This summer at Dearly Departed Tours, business has never been better -- and that was before Michael Jackson's sudden death. In the days since, the company that drives tour buses to spots where celebrities have met their end has added a stop at the rented Holmby Hills mansion where the pop star collapsed.
People are so fascinated with Hollywood's history of death and crime that Dearly Departed has added 100 tours a month compared with a year ago, said owner Scott Michaels. His clientele have always wanted to see where the Manson family murders took place, where Marilyn Monroe lived. These days, Michaels said, the first thing people ask about is the Jackson site.
That leads to the inevitable speculation about the final disposition of his remains, so far shrouded in mystery.
"If he's buried somewhere where the public has access to it, it's going to be Graceland West," Michaels said.
The real Graceland, Elvis Presley's world-famous mansion, attracts 600,000 visitors annually and is one of the top home tours in the country. A "VIP tour" that includes a swing past Presley's grave costs $69 per adult.
Assuming Jackson's body ends up in a tomb that fans can find, the spot could become a shrine for the ages, experts in celebrity worship say, akin to Graceland or Doors frontman Jim Morrison's grave in Paris, a mecca for rock pilgrims, a magnet for makeshift memorials and an eternal nuisance to French authorities.
Wonder why there's no pilgrimage to the tombs of rock stars John Lennon and Kurt Cobain? Their families had their remains cremated, with ashes either scattered or given to a survivor, leaving no shrine for posterity, no scene for the hordes.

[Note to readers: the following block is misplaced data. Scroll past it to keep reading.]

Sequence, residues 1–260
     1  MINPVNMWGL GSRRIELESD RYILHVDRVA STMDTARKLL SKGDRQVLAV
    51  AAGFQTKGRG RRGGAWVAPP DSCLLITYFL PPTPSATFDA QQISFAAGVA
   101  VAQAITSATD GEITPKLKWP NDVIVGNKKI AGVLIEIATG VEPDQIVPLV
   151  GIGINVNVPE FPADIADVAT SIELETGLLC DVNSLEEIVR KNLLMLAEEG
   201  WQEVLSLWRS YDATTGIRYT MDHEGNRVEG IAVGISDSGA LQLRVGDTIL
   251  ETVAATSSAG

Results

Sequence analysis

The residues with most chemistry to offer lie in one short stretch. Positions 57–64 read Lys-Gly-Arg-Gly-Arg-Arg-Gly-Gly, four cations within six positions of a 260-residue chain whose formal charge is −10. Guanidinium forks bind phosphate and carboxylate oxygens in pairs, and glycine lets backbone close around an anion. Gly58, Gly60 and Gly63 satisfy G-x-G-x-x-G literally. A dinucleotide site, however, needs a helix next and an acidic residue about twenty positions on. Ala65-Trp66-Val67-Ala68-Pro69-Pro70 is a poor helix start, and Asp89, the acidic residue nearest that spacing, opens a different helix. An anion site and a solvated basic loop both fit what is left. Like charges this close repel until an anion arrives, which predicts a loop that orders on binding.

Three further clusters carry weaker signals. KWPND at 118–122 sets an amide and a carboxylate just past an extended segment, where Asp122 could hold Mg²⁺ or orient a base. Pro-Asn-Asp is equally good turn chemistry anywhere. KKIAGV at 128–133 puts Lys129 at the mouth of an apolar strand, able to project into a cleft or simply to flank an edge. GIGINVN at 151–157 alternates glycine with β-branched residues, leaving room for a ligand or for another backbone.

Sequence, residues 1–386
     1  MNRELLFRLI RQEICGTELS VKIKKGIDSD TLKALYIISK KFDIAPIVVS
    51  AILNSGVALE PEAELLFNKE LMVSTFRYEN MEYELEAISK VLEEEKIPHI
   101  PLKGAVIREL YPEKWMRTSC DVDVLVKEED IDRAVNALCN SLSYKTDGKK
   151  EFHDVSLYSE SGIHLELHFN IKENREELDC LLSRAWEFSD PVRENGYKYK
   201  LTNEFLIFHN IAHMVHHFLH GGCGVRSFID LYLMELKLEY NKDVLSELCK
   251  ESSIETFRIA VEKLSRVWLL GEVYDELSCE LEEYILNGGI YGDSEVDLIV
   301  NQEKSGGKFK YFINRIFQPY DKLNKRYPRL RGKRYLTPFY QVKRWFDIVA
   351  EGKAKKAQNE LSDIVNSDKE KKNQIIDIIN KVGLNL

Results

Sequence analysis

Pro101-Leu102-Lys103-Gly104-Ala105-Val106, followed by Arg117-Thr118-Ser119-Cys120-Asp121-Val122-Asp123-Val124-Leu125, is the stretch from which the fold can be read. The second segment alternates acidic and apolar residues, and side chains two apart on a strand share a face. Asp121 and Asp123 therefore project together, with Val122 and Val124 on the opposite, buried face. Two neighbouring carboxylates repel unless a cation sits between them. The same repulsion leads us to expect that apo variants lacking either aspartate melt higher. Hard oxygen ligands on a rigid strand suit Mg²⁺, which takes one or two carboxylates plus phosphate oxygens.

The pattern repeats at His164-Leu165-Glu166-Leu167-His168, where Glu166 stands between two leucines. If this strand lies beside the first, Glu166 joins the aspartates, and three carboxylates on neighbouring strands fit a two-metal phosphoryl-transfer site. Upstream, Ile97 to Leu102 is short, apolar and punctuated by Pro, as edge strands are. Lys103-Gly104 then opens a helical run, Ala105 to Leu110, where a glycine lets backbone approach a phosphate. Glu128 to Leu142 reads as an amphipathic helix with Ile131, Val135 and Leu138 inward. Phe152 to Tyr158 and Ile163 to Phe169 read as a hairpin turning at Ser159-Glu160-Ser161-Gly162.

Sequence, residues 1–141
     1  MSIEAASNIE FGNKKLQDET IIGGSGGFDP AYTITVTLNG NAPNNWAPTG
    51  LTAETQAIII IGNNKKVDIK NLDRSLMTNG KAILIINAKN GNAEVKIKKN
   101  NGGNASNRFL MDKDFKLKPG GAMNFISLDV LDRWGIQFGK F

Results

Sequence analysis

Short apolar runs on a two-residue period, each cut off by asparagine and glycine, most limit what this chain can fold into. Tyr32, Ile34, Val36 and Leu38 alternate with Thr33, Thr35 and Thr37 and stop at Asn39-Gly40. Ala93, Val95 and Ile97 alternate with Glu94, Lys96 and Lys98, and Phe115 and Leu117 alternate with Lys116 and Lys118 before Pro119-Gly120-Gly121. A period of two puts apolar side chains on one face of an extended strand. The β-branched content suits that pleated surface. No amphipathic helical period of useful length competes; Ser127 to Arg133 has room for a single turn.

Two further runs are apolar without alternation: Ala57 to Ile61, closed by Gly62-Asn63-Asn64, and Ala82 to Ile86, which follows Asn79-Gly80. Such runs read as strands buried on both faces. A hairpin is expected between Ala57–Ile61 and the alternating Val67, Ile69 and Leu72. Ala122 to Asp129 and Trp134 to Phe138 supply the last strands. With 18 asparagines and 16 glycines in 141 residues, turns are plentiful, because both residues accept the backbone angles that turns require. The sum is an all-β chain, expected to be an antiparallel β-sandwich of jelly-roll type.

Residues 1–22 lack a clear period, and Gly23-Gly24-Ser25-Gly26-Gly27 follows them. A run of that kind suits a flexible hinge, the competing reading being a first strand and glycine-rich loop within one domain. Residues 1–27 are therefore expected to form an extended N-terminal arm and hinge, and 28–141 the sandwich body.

On the other hand, visit Bob Marley's mausoleum in Jamaica, said to be sacred to Rastafarians, and you can buy souvenirs of the late reggae star at the adjoining tourist center.
Visitors steadily trek to Monroe's grave in Westwood -- and for those who can't make the trip, there are video tours on YouTube.
Soon after news of Jackson's collapse June 25, mourners and looky-loos jammed the street outside his home. Michaels waited five or six days to bus in customers, after "the mental people started leaving."
Some might object to such a description of celebrity death-worshipers, the kind of devotees who imbue these grave sites with the hushed reverence accorded saints' tombs. But even academic research suggests that celebrity death fixation can get a little, well, crazy.
In a recent study ("Elvis: Dead and Loving It -- the Influence of Attraction, Nostalgia, and Risk in Dead Celebrity Attitude Formation"), four researchers at the University of Memphis noted that "celebrity worship is often associated with poor mental health, such as social dysfunction, depression, and anxiety" as well as a "lack of education."
Yet ours is a celebrity-obsessed culture, and even for the sane among us, that obsession does not necessarily end with a celebrity's death. Before Jackson's passing, the university researchers polled 161 college students and discovered the most popular dead celebrity among the students was Chris Farley, followed by Heath Ledger, Bernie Mac, Marley, Tupac Shakur and Presley. Monroe was No. 9; Morrison did not make the list at all.
"There's a thread running there," USC professor Leo Braudy, who has extensively studied celebrity culture, said of the roster.